Editor’s Note: Against the backdrop of the Prashant Bhushan contempt case, Talha Abdul Rahman* asserts that lawyers are ambassadors of rule of law and should courageously point out any wrongdoing or arbitrariness in the conduct of those in authority.
A career in litigation is fraught with fresh challenges every day. Lawyers are humiliated by judges for making an argument on behalf of a client and are frequently threatened with costs for persisting. Both of these aspects are rather routine for lawyers – and many of us may have already witnessed either or both. It is for this reason that the Bar Council Rules on Professional Ethics contained in Part VI, Chapter II of the Bar Council of India Rules provide that “[an advocate] shall not be servile ….“
The Bar Council Rules on Professional Ethics conclude by stating “…. Without prejudice to the generality of the foregoing obligation, an advocate shall fearlessly uphold the interests of his client …”. The Rules emphasise on being fearless in court, and even outside as lawyers who often have to represent and fight on behalf of the meek and the powerless.
All litigators are ambassadors of the rule of law. Any person who has a grievance with anything that is not fair is expected to approach those ambassadors to ascertain their recourse. It is for this reason that litigators are virtually the first point of contact when a person decides to approach the judicial system. Therefore, as ambassadors of the rule of law, litigators are expected to stand tall and be courageous.
The system of appeal from lower courts to higher courts is premised not on the basis that appeal judges are fairer or smarter than the judges who decide the judgment appealed against but is premised on that the fact that a person who feels wronged by a party and also by court below has a fair right to recourse against that judgment.Thus, most lawyers in the appellate courts play a vital role in ensuring that adjudication against a person does not lead to erosion of faith in the judiciary as a whole. The lawyers of courts of first instance as well as lawyers in appeal stand as a wall against the arbitrary conduct of private parties and the State (including against the arbitrary or erroneous conduct of the judge). Therefore, it is important to remind all litigators that what sets them apart from any other professionals or service providers is their courage to point out to those in authority what is wrong and arbitrary in their conduct. Their attitude cannot be “servile”, even if flattery is the chosen style of advocacy.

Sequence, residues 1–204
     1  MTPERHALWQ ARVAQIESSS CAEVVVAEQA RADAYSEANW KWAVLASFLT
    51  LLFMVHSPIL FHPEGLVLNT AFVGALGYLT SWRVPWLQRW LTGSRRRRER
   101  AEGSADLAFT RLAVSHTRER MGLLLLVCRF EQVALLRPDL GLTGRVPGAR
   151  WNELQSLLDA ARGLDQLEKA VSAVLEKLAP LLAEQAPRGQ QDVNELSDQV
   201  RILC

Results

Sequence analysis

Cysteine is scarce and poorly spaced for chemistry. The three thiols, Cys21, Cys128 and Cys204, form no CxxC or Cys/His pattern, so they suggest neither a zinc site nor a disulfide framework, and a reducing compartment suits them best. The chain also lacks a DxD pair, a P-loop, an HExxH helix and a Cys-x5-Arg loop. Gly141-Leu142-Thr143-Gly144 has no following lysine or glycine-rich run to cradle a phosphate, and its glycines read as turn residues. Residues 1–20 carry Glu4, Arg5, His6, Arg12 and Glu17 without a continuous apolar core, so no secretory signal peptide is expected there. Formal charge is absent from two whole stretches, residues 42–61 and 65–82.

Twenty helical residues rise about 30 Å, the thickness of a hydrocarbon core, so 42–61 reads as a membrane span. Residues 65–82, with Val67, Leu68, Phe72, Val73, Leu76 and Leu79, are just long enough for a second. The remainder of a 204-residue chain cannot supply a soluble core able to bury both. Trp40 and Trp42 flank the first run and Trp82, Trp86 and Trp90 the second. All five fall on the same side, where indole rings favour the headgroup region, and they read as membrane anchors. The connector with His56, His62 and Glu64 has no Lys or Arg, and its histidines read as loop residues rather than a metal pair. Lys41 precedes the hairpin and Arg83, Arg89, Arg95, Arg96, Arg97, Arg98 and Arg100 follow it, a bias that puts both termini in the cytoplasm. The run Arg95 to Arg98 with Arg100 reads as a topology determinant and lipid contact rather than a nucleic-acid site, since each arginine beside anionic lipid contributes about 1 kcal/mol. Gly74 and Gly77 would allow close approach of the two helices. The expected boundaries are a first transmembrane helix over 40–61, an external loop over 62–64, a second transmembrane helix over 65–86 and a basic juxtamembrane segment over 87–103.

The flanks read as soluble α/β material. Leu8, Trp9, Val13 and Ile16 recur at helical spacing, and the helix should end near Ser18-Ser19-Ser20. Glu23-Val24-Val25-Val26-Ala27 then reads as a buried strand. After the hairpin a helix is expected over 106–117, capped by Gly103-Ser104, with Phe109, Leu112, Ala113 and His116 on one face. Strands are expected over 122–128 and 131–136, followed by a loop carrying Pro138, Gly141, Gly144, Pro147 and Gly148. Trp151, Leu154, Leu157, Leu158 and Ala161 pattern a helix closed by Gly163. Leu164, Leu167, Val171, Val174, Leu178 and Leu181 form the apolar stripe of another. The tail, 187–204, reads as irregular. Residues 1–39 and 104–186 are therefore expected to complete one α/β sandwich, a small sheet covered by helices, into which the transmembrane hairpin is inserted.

During the freedom struggle and also during the emergency, many lawyers who spoke against the establishment or had a tendency to speak for freedom were incarcerated. Prashant Bhushan’s conviction for merely criticizing the Chief Justice of India for not doing enough during the pandemic is not only a chilling reminder of emergency days but also a demonstration of the right to free speech guaranteed under the Constitution being eroded.
The Prashant Bhushan conviction for contempt by the Supreme Court of India hardly comes as a shock. The judgment, even thoroughly wrong, can have a general chilling effect on what is left of freedom of speech guaranteed by the Constitution. If it were to be taught as a lesson that young lawyers must learn in their classroom or as young members of the bar, it could dishearten them from talking about injustice generally. Since bar is the mother of the bench, a weak bar is not likely to produce judges would defend the powerless against the incursions on liberty.
Therefore, law students and young lawyers should not find their courage and conviction constrained by the 108 page judgment in Bhushan’s Case, , for it does not offer any lessons in either law or language. It is a judgment of the Hon’ble Supreme Court of India, which we all know is right but only because it is final. If the book “Supreme But Not Infallible” were to be released today with this title, it would probably be held to be contemptuous – for it evaluated the first 50 years of the Supreme Court and summed it up as being Supreme but not infallible. In my view, such a title has as much tendency to risk ‘dignity’ of the Supreme Court of India as much as Bhushan’s tweets. In fact, if there is anything that young lawyers should learn from the judgment in Bhushan’s Case, it is the overwhelming support that free speech and courage has received from many lawyers, academicians, and scholars.The public outrage against Bhushan’s conviction for criticizing the Supreme Court of India is at the centre of what constitutes courage – a necessary virtue for legal practice. At the heart of Bhushan’s tweet is the premise that he attempted to give language to the pain of the powerless.
Fortunately, law schools today don’t teach law alone. They teach what Dr Ben Heineman calls “complementary competencies” that are necessary to play leadership roles in the legal profession – and that is how each law student should prepare himself or herself for what lies ahead. Learning with the belief that lawyers are leaders.
*Talha Abdul Rahman graduated from NALSAR University of Law, Hyderabad (2008) and was awarded Shell Centenary Chevening Scholarship (2008-09) tenable at Oxford University to pursue B.C.L. He worked with the dispute resolution team of AZB & Partners (2009-2011) before moving to Lucknow to practice law before the High Court and trial courts. Since, 2012, he has been practising in Delhi. The views expressed are personal. We would like to thank the Author for contributing to our Blog.